Hi, and welcome back! Today I will be talking about “They Don’t Teach This: Lessons From the Game of Life” by Eniola Aluko.
The blurb reads:
First class honors law degree. 102 appearances for England women’s national football team. First female pundit on Match of the Day. UN Women UK ambassador. Guardian columnist.
All of these achievements belong to Eni Aluko, who, is keen to share her experiences, aiming to inspire readers to be the best possible versions of themselves. Aluko was appointed UN Women UK ambassador with a focus on promoting gender empowerment in 2016, and in October 2018 she was named by Marie Claire as one of ten Future Shapers Award Winners, recognising individuals who are changing women’s futures for the better. She is currently playing football for Juventus in Italy and writing a weekly column for The Guardian.
They Don’t Teach This steps beyond the realms of memoir to explore themes of dual nationality and identity, race and institutional prejudice, success, failure and faith. It is an inspiring manifesto to change the way readers and the future generation choose to view the challenges that come in their life applying life lessons with raw truths of Eni’s own personal experience.
I’m rather conflicted on how I feel about this book. On one hand, I don’t think it lives up to its marketing material. On the other, I don’t think I would have read it otherwise. The synopsis I have just read to you from Goodreads is not the blurb printed on the copy of the book that I bought, that emphasises important lessons that Eni has learnt throughout her life. I understood this book to be a slightly more useful guide of what to do when faced with common situations like losing your job or dealing with racism. While I did understand this was going to be very much based on her life experiences, I was also expecting a little not practical guidance along the way. For me this lead to me being a bit let down, as I found it harder to know what to do in these situations. The circumstances that I feel are smaller and more common, were almost breezed over. I don’t know how it was in the moment, but it often felt like Eri always landed on her feet in the jobs department, losing one but quickly getting another, with little time in the book spent on the transition. The bigger things like bringing formal complaints of racism in the FA are talked about in much more depth, but I still feel that more practical guidance could have been given. As Aluko is also a lawyer, I feel that it is within the scope of her expertise to at least provided starting points for readers who wish to do something similar in their own places of employment. The title of this book is “They don’t teach this” referring to the bigger things in life that no one teaches you how to deal with, and I want to say that this book doesn’t either.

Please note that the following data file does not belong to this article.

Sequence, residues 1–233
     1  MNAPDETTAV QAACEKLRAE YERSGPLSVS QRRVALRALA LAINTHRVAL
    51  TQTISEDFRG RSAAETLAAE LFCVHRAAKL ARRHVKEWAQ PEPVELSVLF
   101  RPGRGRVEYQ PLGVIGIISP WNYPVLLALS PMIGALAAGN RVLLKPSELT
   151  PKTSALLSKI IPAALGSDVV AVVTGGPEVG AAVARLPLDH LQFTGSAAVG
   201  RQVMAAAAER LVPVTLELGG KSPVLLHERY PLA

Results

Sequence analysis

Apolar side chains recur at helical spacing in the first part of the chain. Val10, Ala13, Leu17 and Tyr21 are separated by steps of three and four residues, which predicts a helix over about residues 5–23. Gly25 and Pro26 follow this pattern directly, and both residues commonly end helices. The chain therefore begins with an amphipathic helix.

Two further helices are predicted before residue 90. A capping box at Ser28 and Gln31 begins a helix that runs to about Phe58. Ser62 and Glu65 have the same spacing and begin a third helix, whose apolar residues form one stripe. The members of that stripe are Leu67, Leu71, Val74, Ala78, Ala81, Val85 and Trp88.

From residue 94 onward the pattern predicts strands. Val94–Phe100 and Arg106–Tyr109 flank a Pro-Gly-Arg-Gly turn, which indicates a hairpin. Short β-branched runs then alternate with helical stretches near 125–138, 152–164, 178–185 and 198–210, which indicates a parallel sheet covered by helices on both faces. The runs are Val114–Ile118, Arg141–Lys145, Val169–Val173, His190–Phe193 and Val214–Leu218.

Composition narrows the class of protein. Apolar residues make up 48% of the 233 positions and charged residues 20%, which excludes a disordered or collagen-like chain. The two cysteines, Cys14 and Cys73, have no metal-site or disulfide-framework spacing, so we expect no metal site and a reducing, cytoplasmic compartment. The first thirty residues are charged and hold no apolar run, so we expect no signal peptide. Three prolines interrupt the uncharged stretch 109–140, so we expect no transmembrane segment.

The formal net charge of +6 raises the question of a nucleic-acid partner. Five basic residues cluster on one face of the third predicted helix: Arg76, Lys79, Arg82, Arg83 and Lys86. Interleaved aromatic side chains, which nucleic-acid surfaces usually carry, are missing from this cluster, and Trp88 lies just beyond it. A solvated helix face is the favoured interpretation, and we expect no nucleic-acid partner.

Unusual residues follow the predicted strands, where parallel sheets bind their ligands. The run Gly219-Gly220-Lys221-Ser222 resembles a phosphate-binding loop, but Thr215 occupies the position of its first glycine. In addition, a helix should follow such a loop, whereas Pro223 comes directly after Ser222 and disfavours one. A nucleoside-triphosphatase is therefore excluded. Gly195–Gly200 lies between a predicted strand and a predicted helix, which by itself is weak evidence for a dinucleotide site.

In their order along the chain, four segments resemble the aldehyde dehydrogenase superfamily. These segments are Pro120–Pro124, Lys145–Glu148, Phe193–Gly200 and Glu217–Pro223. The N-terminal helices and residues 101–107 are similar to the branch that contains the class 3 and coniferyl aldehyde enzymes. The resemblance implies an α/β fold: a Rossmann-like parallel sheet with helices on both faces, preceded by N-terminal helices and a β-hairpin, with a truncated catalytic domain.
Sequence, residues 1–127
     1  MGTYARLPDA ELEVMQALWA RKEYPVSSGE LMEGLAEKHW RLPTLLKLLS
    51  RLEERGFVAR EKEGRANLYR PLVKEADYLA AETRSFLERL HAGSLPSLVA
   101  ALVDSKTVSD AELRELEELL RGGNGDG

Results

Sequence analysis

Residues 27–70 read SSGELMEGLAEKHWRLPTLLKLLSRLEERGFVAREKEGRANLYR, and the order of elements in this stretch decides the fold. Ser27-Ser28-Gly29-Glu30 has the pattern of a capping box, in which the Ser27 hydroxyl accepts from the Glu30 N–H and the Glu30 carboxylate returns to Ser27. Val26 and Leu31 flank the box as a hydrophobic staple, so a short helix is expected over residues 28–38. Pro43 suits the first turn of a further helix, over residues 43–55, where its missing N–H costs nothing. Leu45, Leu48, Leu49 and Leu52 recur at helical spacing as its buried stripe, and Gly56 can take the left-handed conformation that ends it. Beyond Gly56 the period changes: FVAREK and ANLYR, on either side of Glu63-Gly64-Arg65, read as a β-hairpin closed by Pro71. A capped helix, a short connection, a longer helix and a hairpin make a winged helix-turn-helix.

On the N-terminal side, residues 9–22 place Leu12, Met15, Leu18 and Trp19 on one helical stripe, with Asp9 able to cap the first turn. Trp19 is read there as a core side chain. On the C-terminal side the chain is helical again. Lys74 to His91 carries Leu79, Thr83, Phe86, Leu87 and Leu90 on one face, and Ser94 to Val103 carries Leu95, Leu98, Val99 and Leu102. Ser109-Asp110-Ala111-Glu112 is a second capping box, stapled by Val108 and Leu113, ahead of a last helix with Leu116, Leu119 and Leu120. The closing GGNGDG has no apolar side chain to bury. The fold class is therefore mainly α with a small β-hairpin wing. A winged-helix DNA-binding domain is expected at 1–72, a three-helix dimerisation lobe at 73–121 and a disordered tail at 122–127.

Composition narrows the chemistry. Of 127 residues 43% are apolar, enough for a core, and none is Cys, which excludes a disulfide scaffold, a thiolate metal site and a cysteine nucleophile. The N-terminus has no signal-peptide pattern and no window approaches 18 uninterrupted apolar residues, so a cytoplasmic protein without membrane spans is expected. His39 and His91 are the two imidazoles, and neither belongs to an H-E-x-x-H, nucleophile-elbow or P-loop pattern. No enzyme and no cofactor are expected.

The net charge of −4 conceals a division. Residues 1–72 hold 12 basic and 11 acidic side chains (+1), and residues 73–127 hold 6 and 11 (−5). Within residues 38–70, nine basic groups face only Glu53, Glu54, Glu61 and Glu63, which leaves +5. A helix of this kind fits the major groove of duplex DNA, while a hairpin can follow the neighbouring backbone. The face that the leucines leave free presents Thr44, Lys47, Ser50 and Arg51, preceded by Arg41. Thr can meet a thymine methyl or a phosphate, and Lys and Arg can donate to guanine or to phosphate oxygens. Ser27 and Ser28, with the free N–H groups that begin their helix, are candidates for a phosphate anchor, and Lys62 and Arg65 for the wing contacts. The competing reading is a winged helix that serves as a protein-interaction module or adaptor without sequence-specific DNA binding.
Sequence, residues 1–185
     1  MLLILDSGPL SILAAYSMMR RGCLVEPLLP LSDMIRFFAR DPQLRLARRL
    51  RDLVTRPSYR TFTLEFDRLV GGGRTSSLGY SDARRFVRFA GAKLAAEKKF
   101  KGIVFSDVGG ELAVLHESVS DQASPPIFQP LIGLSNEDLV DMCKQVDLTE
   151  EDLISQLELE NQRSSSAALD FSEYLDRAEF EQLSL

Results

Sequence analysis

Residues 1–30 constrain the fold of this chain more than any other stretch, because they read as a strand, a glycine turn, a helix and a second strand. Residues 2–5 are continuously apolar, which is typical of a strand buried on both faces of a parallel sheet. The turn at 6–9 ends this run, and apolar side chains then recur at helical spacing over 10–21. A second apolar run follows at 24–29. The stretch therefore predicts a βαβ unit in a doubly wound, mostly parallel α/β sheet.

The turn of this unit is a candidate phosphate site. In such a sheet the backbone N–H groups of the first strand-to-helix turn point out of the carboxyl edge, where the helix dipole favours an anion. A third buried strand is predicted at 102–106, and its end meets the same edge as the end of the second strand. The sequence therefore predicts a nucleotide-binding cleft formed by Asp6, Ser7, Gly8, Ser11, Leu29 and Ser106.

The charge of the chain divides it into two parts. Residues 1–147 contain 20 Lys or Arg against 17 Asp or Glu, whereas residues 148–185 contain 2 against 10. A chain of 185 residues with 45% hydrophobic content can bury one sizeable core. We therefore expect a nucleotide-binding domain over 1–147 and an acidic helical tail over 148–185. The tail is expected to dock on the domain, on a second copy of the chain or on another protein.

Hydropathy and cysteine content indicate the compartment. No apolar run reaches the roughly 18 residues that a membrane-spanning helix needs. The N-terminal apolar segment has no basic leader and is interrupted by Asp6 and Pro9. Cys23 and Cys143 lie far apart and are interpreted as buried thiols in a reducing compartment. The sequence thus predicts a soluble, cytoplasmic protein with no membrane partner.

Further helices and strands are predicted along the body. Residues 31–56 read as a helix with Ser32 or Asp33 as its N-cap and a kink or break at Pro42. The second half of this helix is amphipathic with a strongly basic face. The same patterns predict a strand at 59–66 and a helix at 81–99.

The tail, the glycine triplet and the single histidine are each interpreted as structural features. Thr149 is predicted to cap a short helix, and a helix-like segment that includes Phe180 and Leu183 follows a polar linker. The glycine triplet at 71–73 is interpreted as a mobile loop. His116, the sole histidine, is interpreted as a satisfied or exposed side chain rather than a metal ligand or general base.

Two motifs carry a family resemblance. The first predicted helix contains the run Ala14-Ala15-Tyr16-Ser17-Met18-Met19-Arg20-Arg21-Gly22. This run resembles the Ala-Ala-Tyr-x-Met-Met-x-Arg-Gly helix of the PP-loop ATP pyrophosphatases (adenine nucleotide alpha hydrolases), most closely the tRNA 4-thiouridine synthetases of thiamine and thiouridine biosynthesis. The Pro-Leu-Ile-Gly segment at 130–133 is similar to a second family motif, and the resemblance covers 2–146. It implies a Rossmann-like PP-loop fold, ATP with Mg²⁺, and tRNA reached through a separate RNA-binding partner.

Moving on from what I thought the book was going to be to what it actually is, I thought it was a thoroughly enjoyable read. The book was fast paced and moved through Aluko’s life quickly while still taking time to reflect on certain actions, both on how they were received at the time and how she feels about them now looking back. I think this combination is important as it allows her to admit mistakes and wrong doings while explaining her rational at the time. To me this is a great way to show accountability while still also allowing us to be empathetic towards her choices. It shows growth and that lessons have been learnt, which is what the book is all about.
I think that Eni’s story is remarkable and that the hard work she put into getting a degree and helping to change the face of women’s football is an inspiration to us all. I think that this book is a good read not just for football fans but for anyone who is needing a motivational boost to help with whatever rough patch they are currently going through. The fact that I as someone is isn’t particularly a football fan found this book gripping and enjoyable to read, really speaks to how well this books is written and the universality of its message. The one thing that did annoy me though was the amount of times God was referred to in this book. I am an atheist, and maintain the right for Aluko to believe in whatever she wishes, but her repeated downplaying of her own achievements as part of God’s plan was annoying. Turning to your faith in times of hardship and finding strength in that, whist not something I can personally understand, is something I can feel some sort of connection to. However, the praising of God in her achievements, as if it was impossible for her to succeed without God’s blessing is something that I cannot personally get behind and did put me off a bit. I am aware thought, that another reader who is religious might find this point endearing and add to their enjoyment of the book. I think that it comes down to a matter of personal opinion, but it played a big enough part in my experience of reading the book that I thought it was worth mentioning.
Overall, I thoroughly enjoyed this book, and made me question my previous dismissal of memoirs as a genre I didn’t think I enjoyed. See you next time.